• I'd love a double celebration, despite doing couch to 5k and now being able to run 5 miles my weight has stubbornly not changed (I'm at a loss, I must be eating more somewhere!) time to try speed work to get my time down, probably easier than losing weight ;)

  • Sheesh! My predicted 5K time is currently about 55 minutes. This calculation tells me that if I shed my excess weight, I would get it down to about 35 minutes! I'd be over the moon if I ever got that sort of time!

  • Hi Dewines. Remember that this calculation is simply about the effect of carrying the excess weight. It makes no allowance for any improvement due to increased fitness as you lose weight nor to any improvement in running technique over the time. So you should actually run faster than it predicts if you get fitter as well as lighter...

  • I'm a simple girl, I can't handle all those sums, but I did lose weight through myfutnesspal as I knew I would run better!!! I'd love to get faster though..

  • Hi Chris more stats to excite me . Like juicy ju I find it hard to work out but luckily example 1 is almost exactly my figures so am very pleased Weight loss really slow at 1/2 lb a week and not sure if will ever get to target but thought of improving 5k time might just spur me on . Thanks

  • Very interesting! I have found since losing a fair bit of weight, my times have started dropping much quicker then I thought they would. I held the same weight that I'd lost in my arms, and couldn't imagine running with it now! Off to calculate using this method. Thanks!

  • Hi NextJenn. It would be interesting to know if my calculation would have correctly predicted your current 5k time at your current weight based on your previous weight & time...?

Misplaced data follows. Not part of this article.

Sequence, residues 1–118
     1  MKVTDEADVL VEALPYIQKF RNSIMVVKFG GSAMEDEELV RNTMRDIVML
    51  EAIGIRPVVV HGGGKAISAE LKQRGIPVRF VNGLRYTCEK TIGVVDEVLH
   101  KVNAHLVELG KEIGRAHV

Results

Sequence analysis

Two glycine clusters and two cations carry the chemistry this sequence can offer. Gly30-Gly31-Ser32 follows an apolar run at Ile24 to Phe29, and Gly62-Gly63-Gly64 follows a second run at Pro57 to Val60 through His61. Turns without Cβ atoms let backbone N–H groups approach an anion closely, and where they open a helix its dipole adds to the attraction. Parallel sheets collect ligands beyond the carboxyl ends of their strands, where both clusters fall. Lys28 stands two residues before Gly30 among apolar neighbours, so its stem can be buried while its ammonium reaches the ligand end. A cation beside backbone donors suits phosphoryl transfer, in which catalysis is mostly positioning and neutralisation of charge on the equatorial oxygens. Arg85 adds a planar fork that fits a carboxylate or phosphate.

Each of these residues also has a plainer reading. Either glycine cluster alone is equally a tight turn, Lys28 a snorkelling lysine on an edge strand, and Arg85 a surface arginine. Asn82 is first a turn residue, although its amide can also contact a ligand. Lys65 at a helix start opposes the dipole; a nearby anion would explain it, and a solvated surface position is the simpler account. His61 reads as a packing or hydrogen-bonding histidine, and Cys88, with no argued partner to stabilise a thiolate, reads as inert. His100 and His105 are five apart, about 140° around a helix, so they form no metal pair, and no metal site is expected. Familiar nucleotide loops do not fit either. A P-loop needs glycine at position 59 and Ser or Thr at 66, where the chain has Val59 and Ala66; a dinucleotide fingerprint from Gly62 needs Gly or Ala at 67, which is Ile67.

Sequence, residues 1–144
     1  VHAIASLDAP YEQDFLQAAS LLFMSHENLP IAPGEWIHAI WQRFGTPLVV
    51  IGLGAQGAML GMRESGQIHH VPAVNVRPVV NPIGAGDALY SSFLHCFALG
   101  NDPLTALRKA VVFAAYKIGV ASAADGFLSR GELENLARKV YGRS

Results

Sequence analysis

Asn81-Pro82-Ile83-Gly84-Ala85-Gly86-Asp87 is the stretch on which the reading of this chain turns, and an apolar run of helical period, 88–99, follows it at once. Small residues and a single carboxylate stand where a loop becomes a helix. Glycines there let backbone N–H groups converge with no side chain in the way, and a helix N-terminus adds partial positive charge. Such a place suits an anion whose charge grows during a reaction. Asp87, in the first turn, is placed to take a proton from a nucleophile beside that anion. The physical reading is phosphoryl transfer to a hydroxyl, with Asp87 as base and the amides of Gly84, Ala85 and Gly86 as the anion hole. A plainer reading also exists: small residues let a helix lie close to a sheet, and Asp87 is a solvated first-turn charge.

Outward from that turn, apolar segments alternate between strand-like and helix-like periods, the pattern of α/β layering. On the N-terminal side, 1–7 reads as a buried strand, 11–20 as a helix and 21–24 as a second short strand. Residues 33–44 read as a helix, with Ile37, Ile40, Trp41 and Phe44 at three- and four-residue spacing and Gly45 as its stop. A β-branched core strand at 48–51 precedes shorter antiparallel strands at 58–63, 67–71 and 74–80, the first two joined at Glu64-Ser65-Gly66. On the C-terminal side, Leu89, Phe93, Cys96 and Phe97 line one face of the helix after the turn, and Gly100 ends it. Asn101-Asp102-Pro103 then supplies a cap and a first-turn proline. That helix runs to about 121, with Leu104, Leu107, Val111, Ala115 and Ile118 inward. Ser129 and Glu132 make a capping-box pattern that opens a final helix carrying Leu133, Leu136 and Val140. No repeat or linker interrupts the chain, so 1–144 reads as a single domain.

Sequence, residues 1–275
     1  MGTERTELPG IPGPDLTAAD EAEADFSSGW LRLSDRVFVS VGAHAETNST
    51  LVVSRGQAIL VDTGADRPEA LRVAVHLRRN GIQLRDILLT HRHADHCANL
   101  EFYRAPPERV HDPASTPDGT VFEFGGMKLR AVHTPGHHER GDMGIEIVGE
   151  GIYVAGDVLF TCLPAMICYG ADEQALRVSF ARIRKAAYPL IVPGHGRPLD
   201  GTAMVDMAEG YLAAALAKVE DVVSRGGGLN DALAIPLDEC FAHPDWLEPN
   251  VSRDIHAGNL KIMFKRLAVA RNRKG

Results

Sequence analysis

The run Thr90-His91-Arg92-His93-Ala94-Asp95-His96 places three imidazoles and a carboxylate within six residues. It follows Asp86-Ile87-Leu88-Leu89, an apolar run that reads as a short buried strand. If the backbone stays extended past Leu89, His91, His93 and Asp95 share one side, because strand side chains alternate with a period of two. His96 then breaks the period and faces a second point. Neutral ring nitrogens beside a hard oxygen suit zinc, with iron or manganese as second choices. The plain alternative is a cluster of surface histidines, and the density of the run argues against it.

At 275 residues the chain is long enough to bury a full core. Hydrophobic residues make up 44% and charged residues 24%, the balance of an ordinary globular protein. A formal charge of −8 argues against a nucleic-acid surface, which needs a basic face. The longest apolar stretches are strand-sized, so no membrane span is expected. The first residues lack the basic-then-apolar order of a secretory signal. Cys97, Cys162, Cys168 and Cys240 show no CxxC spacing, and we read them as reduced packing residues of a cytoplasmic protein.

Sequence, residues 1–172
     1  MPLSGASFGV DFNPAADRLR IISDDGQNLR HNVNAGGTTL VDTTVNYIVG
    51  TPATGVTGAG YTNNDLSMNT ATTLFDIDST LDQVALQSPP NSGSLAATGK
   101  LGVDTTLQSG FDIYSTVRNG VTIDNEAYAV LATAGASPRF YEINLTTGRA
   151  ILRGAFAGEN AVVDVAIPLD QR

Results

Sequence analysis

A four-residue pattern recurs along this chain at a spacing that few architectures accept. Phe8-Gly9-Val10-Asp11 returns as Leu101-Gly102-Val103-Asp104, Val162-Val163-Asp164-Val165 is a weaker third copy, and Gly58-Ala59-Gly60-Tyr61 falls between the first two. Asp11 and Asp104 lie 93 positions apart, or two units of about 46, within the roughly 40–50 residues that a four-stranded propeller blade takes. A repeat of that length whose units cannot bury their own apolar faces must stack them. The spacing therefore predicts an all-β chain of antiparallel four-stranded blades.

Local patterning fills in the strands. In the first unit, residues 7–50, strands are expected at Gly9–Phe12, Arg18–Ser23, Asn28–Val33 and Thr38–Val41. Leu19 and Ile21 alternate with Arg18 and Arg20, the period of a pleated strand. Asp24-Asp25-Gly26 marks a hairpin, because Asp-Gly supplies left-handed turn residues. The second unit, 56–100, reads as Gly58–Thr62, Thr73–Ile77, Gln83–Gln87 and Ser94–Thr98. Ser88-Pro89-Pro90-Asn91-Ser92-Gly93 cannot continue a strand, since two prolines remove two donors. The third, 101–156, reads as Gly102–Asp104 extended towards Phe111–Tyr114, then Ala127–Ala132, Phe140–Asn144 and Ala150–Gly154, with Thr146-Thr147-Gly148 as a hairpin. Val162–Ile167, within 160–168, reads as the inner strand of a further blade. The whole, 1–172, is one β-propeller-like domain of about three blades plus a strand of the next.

• I certainly run faster now than I did when I was three stone heavier. Thanks to 5:2 and C25K I'm slimmer and fitter than since I was a teenager!

  • Hi Gingernut49. Can you remember your old weight & 5k time? If you could let me have them and your current weight & 5k time I could do the maths to see how accurate this calculation really is. If you don't want to reveal your weights just divide your old weight in lbs by your current weight to give me a ratio (eg 1.25). Cheers

  • I don't measure my runs nowadays as (at my age!) I'm not bothered about running for more than 5k or calculating anything - I just know that nowadays I cover more ground in the time that Laura takes to do the three c25k+ podcasts. I was three stone heavier when I started.

  • Wow that is some recommendation for the programme. I see you did 5:2 as well. I am tempted to do 6:1 as I have been told to get my cholesterol down but don't really need to lose any weight. Any tips?

  • Your best first step is to watch the BBC Horizon programme that the diet stemmed from, "Eat, Fast and Live Longer" vimeo.com/54089463 which I can honestly say changed my life. I do 6:1 nowadays to keep my new weight maintained and, with running around 5k three times a week, the weight has stayed off since last April. I'm going to do at least 6:1 for the rest of my life for the health benefits. I weigh myself once a week to keep an eye on the scales, then I know whether to do 6:1 or 5:2 the following week.

  • I watched the video the other day. Interesting. Thanks

  • I got a headache before I was half way through that. For a moment I was transported back to the horror of triple maths on a Monday morning at school. I'm impressed by you and all those working through their calculations.